What the consensus most protective helmet? - Snowboarding Forum - Snowboard Enthusiast Forums
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post #1 of 32 (permalink) Old 03-02-2016, 04:51 PM Thread Starter
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What the consensus most protective helmet?

I have knocked myself unconscious a few times, and I just moved to Denver so i will be snowboarding much more now, so I am ready to invest in whatever helmet will keep my head intact. What is the consensus most protective helmet, regardless of weight or cost? Thanks in advance for any replies.
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post #2 of 32 (permalink) Old 03-02-2016, 05:04 PM
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Most protective regardless of weight and cost? Probably a motorcycle helmet.
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post #3 of 32 (permalink) Old 03-02-2016, 05:12 PM
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Best way to avoid hitting your head more is to learn better riding skills.

I'd guess consumer reports has done a comparison or is more likely to have done it than a bunch of snowboarders. Even so I would rather use a source like CR.
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post #4 of 32 (permalink) Old 03-02-2016, 05:24 PM Thread Starter
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I tried to research helmet specifications and found one that is no longer used, I just cannot remember the name, I called them and he said their stuff was too stringent or expensive for them to meet so none of them used their certification, so I then asked him what people there used and he said POC Backcountry receptor MIPS was the most popular. That was where I was leaning but figured I'd check with you guys.
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post #5 of 32 (permalink) Old 03-02-2016, 05:27 PM
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That's top of the line for sure but not a single helmet will actually protect you from blows over 15mph or so. Poc mips is probably as close as you get to it.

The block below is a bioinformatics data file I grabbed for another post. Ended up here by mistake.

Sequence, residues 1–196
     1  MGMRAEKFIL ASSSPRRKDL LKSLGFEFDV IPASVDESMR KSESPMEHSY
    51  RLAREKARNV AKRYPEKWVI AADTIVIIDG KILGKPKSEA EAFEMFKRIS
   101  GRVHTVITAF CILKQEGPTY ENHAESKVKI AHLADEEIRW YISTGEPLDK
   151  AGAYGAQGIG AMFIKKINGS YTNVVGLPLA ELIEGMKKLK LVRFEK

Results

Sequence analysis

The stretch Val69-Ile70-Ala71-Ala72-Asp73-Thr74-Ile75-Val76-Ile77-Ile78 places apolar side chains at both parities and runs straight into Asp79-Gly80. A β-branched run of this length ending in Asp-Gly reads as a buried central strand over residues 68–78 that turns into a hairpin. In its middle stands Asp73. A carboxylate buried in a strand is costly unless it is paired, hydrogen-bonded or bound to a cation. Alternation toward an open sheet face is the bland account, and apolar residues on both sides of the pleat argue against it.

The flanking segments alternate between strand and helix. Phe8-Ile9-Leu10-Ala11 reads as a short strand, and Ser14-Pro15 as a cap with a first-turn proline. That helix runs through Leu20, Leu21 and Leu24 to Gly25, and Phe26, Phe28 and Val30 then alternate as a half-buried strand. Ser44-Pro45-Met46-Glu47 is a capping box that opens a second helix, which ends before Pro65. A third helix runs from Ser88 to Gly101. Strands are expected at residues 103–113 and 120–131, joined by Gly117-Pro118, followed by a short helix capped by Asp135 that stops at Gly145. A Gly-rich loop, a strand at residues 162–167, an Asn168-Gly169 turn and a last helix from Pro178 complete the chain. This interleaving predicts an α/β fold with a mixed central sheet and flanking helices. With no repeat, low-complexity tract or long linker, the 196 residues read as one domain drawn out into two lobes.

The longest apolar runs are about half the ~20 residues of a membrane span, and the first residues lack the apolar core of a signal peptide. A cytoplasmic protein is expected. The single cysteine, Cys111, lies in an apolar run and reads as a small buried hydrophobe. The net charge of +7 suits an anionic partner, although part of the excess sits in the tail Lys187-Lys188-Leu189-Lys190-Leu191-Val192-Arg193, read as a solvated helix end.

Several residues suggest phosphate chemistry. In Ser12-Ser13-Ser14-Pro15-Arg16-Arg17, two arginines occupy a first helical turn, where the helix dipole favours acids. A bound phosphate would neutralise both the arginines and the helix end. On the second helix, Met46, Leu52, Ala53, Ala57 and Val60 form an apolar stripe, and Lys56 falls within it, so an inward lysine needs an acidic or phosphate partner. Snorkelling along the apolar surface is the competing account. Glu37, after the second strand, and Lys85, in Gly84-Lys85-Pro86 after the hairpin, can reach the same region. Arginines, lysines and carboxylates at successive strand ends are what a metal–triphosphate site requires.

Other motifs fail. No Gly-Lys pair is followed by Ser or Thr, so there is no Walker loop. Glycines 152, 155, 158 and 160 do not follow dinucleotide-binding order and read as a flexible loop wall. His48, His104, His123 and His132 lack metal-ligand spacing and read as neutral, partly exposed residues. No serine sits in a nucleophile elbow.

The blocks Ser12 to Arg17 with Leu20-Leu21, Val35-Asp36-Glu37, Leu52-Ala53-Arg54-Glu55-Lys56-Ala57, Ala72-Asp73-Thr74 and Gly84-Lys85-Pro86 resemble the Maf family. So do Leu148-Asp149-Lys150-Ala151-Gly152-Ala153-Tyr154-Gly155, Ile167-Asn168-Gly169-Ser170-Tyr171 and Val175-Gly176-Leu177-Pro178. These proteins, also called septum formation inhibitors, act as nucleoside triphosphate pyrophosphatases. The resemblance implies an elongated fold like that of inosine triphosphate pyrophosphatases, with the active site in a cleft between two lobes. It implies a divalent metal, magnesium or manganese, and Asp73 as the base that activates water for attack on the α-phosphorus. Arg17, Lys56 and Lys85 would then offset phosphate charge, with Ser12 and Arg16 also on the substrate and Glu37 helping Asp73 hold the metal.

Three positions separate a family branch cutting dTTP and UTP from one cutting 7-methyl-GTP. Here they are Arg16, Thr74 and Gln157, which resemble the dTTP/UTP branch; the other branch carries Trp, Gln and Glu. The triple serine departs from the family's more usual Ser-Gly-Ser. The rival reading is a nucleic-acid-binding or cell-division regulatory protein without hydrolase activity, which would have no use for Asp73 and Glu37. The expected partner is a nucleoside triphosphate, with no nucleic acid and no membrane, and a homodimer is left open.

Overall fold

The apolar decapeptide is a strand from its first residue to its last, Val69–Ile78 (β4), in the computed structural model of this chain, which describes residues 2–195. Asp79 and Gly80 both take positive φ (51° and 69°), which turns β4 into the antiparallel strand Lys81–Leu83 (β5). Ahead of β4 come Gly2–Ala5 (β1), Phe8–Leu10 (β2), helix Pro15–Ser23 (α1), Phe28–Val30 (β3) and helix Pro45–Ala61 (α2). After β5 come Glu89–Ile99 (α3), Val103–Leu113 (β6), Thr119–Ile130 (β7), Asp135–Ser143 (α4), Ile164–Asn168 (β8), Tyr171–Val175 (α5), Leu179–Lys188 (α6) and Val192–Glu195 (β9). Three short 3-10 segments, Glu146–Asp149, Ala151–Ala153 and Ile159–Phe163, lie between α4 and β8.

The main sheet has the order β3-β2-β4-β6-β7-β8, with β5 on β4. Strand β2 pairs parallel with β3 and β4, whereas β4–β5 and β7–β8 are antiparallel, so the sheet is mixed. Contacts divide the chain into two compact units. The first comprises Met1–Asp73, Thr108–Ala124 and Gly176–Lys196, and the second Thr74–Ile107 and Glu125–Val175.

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post #6 of 32 (permalink) Old 03-02-2016, 05:58 PM
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Sadly, snowboard helmet tech is way behind motorcycle helmets. I knocked myself out a few years ago when I screwed up a medium sized jump. After that I got a RED helmet with MIPS and that really does seem to help limit the blow to the head.

I have a collection of wrecked road racing helmets (15 or so)...I have crashed from 15 mph up to 120 mph and never suffered the kind of head blow that I had snowboarding.

Argo, I respect your opinion but I disagree. I believe that sometimes we progress by throwing caution to the wind and going for it...the price of that is bad crashes. We get up, brush ourselves off and learn from it. How do we get better unless we push the comfort zone envelop?

I think snowboard helmets should be better...the tech is out there and I personally would be willing to shell out $400 for a helmet that protects my head like an Arai that I wear when racing my motorcycle.
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post #7 of 32 (permalink) Old 03-02-2016, 06:02 PM Thread Starter
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Originally Posted by d2cycles View Post
Sadly, snowboard helmet tech is way behind motorcycle helmets. I knocked myself out a few years ago when I screwed up a medium sized jump. After that I got a RED helmet with MIPS and that really does seem to help limit the blow to the head.

I have a collection of wrecked road racing helmets (15 or so)...I have crashed from 15 mph up to 120 mph and never suffered the kind of head blow that I had snowboarding.

Argo, I respect your opinion but I disagree. I believe that sometimes we progress by throwing caution to the wind and going for it...the price of that is bad crashes. We get up, brush ourselves off and learn from it. How do we get better unless we push the comfort zone envelop?

I think snowboard helmets should be better...the tech is out there and I personally would be willing to shell out $400 for a helmet that protects my head like an Arai that I wear when racing my motorcycle.